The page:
LINCOLN SQUARE — Muhamed “Hamo” Mušić always looked out for his family.
Mušić was in his 20s when his family came to Chicago from Bosnia and Herzegovina, fleeing war in their home country in the ’90s. When the family of seven arrived, Mušić, the oldest child, stepped up to help his parents care for his four younger siblings, his brother said.
“I was 10 when we came here,” said his younger brother, Aid Mušić. “Hamo got his truck driver’s license in those first two years here and started providing for our family. He worked like an animal to make sure we had a good life. Eventually Hamo was able to buy my parents a home.”
Hamo Mušić, 44, died May 11 after a weeks-long battle with coronavirus. He leaves behind a wife, Radija; and three children: Belmin, 13, Aida, 12, and Armina, 11.
The Mušić family was unable to be with Hamo when he died at Swedish Hospital. Aid Mušić said he has visited his brother’s grave almost daily because he doesn’t feel a sense of closure.
“I’m still having a hard time responding when someone says, ‘I’m sorry for your loss.’ I have no words,” Aid Mušić said. “The whole process of grieving in this pandemic — I can’t hug anyone but at least I can tell them they’re going to be OK.”
Hamo started feeling ill April 1, according to his family. To be cautious, he self-quarantined within his Lincoln Square home away from his wife and children.
By April 11, Hamo wasn’t any better so he went to Swedish Hospital. He tested positive for COVID-19 and was admitted for treatment. His condition continued to worsen and he was placed in the intensive care unit April 17.
“He was put on a ventilator and every day I would call at least three times hoping for better news from a doctor to hear about he was doing or for a nurse to let me speak to him,” Aid Mušić said.
By Mother’s Day, the family was feeling confident he’d recover.
“He battled this for weeks and we were so hopeful. My wife didn’t think for a second he wouldn’t be able to beat it,” Aid Mušić said. “He had a great sense of humor and we figured he’d be joking about having the best sleep of his life once he was back home and healthy.
“But the doctor called me the night after Mother’s Day and let me know he didn’t make it. That’s the hardest thing I have ever heard.”
Hamo died 11:44 p.m. May 11. The cause of death was “acute respiratory failure” due to COVID-19, according to the Cook County Medical Examiner’s Office.
“It’s eating all of us up that none of us could be there for him at the end,” Aid Mušić said. “I’m still in shock. I thank God we had the technology to FaceTime him and he was alert a few times before he died.”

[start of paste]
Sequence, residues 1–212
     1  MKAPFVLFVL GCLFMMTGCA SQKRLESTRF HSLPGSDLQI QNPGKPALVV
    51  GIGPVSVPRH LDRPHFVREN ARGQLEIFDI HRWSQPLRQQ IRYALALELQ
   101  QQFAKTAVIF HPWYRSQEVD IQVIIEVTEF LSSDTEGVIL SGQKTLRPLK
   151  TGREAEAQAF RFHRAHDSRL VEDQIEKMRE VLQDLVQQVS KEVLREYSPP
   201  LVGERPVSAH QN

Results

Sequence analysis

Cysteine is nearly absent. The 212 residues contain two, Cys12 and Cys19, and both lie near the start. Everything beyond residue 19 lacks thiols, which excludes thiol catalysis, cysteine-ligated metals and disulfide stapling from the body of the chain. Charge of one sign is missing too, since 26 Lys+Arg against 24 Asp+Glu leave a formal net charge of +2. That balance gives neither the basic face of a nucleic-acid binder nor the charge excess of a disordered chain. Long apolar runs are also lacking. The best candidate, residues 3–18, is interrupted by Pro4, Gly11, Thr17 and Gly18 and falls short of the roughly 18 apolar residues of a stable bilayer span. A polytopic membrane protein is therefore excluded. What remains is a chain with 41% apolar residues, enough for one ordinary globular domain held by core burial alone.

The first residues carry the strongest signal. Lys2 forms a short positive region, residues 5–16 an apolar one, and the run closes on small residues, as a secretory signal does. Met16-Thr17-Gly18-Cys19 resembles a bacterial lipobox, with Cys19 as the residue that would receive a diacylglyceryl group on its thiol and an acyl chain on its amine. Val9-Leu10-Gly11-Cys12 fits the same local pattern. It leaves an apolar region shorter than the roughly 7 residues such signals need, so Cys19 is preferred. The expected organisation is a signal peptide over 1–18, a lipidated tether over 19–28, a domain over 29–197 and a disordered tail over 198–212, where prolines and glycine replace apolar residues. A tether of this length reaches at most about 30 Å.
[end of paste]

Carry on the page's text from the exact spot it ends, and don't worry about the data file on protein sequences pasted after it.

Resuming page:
Hamo was the quintessential big brother, always ready to give his shirt off his back to anyone who needed help, his family said.
“He worked as a truck driver and one time his best friend called having issues with a rig in Grand Rapids, Michigan,” Aid Mušić said. “Hamo took off and drove like four-and-a-half hours just to help him fix it. He was that kind of big brother to everyone.”
Working hard and taking care of others was something Hamo instilled in his younger brother as they grew up.
“I remember when he needed to go on the road in the truck during the winter. He’d tell me to make sure our elderly neighbors’ sidewalks were shoveled,” Aid Mušić said. “He learned from my parents that if you can do something to help, then go and do it.”
Family friend Amer Sunny Grozdanic set up a GoFundMe to help cover funeral costs and the family’s expenses. Aid Mušić said he’s been overwhelmed by the donations they’ve received in just a few days: more than $107,000 from 1,100 donors as of Tuesday, far surpassing the initial $75,000 goal.
“We are raising money to help them today, tomorrow and in the future,” Grozdanic wrote. “We raise money as a community, as friends, as family and even as strangers to help a family when it is vulnerable the most.
“Hamo would have done it for us, and without hesitation, we are doing it for Hamo, Radija, Belmin, Aida and Armina.”
In addition to coping with his own grief, Aid Mušić said he is distressed to see people treating the virus like it’s no big deal.
“It’s tough. It’s not like we can police every person’s behavior. But I just don’t get people who treat this virus like a joke when people like my brother are losing their lives to it,” Aid Mušić said. “Man, that’s just pure ignorance.”
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